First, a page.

"Battle with heaven, fight with the earth, struggle with humans—therein lies endless joy." Imagine living in a country where this was its motto.
During the Cultural Revolution, this was the Chinese Communist Party's slogan. Has anything changed since the late '60s and early '70s?
The recent events in Flushing might give the impression this was Beijing during the Cultural Revolution, not New York City today.
For instance, one member of a mob harassing Falun Gong practitioners shouted, "If I kill you I am not afraid," as another man yelled "You better be careful, I will kill you. I want to see your face clearly. I want to kill you."
What has incited so much aggression in members of the mob toward their fellow human beings? Confucianism, Taoism, Buddhism, and Christianity—all teach that the overall common theme in religion is to love your neighbor and do onto others as you would have done to you.
Religions teach faith and that we should be benevolent, kind, loving, and caring towards others. They teach that killing is wrong and it is a great sin to kill. It condemns being hateful and teaches that violence is wrong. A non-communist society typically considers humanity's dual nature of good and evil and acts to restrain evil and support the good. In the U.S., the Pledge of Allegiance speaks of "One nation under God" and so acknowledges a higher power as it is reflected in our society and our freedom of belief.
The Chinese regime calls everything outside of its own theories "superstitions." Those who believe in religion are subjects for brainwashing and conversion.
China was not like this before the time of the CCP's rule. Since ancient times, people have believed that rewards come from effort and labor. Through hard work one gains a prosperous life. China's past taught respect for one's elders and care for the young.
Those who know of ancient China recognize the traditional character of the principles of Falun Gong: Truthfulness, Compassion, and Tolerance. Falun Gong teaches being kind to others, considering the well being of others first, and having faith in universal laws greater than oneself.
When someone supports the CCP he helps promote the Party's culture and beliefs. The Party doesn't believe in faith in anything other than the Party itself. When the Party mentions that a certain group is bad, a supporter of the CCP naturally follows along, and with faith in nothing else than the Party, there is nothing to restrain his actions. Death threats are a tactic that can be used or not used; they are not wrong.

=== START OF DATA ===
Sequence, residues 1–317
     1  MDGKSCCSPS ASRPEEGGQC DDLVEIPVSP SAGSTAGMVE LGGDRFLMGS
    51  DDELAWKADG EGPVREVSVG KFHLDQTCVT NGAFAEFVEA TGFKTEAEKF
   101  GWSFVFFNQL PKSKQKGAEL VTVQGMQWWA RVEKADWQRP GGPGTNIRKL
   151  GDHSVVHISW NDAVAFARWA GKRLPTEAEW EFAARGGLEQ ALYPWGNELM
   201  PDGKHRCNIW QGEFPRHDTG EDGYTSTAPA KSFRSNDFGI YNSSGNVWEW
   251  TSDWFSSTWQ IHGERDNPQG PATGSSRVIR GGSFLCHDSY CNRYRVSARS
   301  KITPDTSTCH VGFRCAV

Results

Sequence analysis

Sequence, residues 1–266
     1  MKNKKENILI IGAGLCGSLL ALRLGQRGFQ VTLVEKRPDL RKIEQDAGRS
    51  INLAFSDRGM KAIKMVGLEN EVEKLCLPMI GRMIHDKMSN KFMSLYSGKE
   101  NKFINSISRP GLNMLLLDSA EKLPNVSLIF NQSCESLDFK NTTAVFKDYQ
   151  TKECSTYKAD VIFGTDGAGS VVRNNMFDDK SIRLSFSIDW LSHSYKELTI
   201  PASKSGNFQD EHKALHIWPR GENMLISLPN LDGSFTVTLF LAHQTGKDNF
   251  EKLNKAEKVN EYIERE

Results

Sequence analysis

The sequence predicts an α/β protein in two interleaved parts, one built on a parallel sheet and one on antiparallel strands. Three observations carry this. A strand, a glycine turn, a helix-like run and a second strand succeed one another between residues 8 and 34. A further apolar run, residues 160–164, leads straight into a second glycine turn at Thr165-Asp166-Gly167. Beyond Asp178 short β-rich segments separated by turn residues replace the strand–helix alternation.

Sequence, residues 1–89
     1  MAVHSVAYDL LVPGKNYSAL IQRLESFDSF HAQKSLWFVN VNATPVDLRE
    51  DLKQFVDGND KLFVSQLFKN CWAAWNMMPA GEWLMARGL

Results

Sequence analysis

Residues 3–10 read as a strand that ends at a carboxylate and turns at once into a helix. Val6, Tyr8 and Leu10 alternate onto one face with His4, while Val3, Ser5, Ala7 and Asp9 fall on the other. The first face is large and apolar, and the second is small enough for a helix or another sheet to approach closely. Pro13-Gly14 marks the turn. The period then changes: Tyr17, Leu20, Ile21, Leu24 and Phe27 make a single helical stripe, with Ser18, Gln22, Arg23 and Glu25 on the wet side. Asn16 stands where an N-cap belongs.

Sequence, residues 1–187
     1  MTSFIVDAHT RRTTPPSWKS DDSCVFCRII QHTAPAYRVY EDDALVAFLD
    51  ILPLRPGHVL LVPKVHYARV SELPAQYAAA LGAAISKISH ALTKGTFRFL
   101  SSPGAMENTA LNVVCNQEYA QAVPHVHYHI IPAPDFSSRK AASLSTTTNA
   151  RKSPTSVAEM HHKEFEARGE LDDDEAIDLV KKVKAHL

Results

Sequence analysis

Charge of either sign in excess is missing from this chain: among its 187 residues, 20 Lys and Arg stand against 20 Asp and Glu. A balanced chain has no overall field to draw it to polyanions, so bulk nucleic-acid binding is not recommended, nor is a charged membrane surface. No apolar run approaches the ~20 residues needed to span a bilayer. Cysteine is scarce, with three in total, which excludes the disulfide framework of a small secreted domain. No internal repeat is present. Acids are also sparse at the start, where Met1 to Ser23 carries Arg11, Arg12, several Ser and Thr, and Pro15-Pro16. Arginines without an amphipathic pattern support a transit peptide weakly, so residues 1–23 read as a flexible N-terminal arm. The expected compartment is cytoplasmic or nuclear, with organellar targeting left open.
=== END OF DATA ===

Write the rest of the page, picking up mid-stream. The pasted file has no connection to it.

When someone quits the Party, he is recognizing the Party's wicked nature and is establishing for himself a brighter future. When does promoting violence ever have a positive outcome? Acting out of rage and violence goes against the beliefs of all faiths.
When evil is being done there are always some who will speak out and tell the world what is happening. By remaining silent in the face of the violence inspired by the CCP, one accepts and abides by it.
In Flushing, one sees a battle between those who have no faith, or rather a faith that can encourage all manner of crimes, and those who seek to hold themselves to traditional principles of goodness. This battle is fought within individuals who decide whether to quit the CCP or remain silent in the face of its evil or even join its mobs.
While there are moments in Flushing that sometimes resemble the Cultural Revolution, history teaches putting things in perspective. The Chinese people lived 5,000 years without the CCP, and the Party only came to power a little over 50 years ago. The mobs in Flushing are fighting to stop people from quitting, a fight those mobs cannot possibly win.
But just imagine: If everyone did quit the party and embraced being kind, benevolent, loving, and caring then just maybe our world "could really live as one."
Views expressed in this article are the opinions of the author and do not necessarily reflect the views of The Epoch Times.